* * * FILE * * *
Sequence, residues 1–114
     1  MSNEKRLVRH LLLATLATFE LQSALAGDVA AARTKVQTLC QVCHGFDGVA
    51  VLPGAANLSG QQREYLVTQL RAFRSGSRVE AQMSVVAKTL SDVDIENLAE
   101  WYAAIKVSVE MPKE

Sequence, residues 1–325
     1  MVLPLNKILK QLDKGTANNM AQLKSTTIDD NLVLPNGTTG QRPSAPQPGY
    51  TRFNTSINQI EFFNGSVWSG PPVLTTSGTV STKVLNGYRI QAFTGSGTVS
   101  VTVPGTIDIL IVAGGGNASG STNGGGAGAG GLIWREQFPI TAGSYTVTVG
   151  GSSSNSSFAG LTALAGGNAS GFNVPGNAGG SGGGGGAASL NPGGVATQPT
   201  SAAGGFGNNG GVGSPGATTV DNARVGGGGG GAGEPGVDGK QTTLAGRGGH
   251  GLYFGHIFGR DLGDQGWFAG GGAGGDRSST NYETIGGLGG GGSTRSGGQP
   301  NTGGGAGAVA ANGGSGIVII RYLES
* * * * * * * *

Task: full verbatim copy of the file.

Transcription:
Sequence, residues 1–114
     1  MSNEKRLVRH LLLATLATFE LQSALAGDVA AARTKVQTLC QVCHGFDGVA
    51  VLPGAANLSG QQREYLVTQL RAFRSGSRVE AQMSVVAKTL SDVDIENLAE
   101  WYAAIKVSVE MPKE

Sequence, residues 1–325
     1  MVLPLNKILK QLDKGTANNM AQLKSTTIDD NLVLPNGTTG QRPSAPQPGY
    51  TRFNTSINQI EFFNGSVWSG PPVLTTSGTV STKVLNGYRI QAFTGSGTVS
   101  VTVPGTIDIL IVAGGGNASG STNGGGAGAG GLIWREQFPI TAGSYTVTVG
   151  GSSSNSSFAG LTALAGGNAS GFNVPGNAGG SGGGGGAASL NPGGVATQPT
   201  SAAGGFGNNG GVGSPGATTV DNARVGGGGG GAGEPGVDGK QTTLAGRGGH
   251  GLYFGHIFGR DLGDQGWFAG GGAGGDRSST NYETIGGLGG GGSTRSGGQP
   301  NTGGGAGAVA ANGGSGIVII RYLES